• 7.42% is the average APR → reasonable commitment (though 0% options exist)
  • 12 & 24 months are the most common durations → reasonable commitment that aligns with research²
  • Savings are built from installment payments → helps borrowers build credit and save
  • Early closures are usually allowed with no penalty → provides flexibility for borrowers with unpredictable financial situation
  • Credit unions, banks, online lenders, and community funds all provide PSCBLs → there are lots of options


Imagine you get Ava's credit builder loan. You pay a membership fees to obtain a 0% interest loan for $306 over 12 months.

The monthly loan payment is $25.50 and the monthly membership fee is $6 for a total of $378 after 1 year. Ava then gives you back $306.

This means you pay only $72 ($378 - $306) for 12 months of payment history added to your credit report and the boost that comes with it.

Impact on Credit

PSCBLs impact credit by creating payment history, diversifying credit mix, and anchoring average account age.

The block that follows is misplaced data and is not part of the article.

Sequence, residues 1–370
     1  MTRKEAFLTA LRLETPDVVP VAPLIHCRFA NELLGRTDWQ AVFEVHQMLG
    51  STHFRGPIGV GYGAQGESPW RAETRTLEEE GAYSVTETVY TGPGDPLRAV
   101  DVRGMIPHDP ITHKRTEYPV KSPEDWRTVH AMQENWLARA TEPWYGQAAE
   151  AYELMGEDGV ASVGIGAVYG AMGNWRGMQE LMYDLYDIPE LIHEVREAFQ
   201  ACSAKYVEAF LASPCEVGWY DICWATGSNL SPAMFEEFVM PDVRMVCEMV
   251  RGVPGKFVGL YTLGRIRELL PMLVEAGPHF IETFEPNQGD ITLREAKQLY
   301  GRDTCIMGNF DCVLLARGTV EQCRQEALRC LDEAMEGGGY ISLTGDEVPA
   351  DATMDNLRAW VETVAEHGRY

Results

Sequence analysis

Specifically, each payment represents a positive mark on your credit report that signals reliability and consistency to bureaus and lenders.

The presence of an installment account diversifies reports that usually consist primarily of revolving credit (credit cards), which signals responsibility to bureaus and lenders.

The creation of the account will at first harm credit by lowering the average age but anchors it to improve credit over time. Bureaus and lenders like older accounts because they're thick and more reliable.

These dynamics are important to credit score models as well. Payment history accounts for 35% of score and credit mix accounts for 10% under FICO, and payments account for 40% under VantageScore. Age of accounts represents 15%.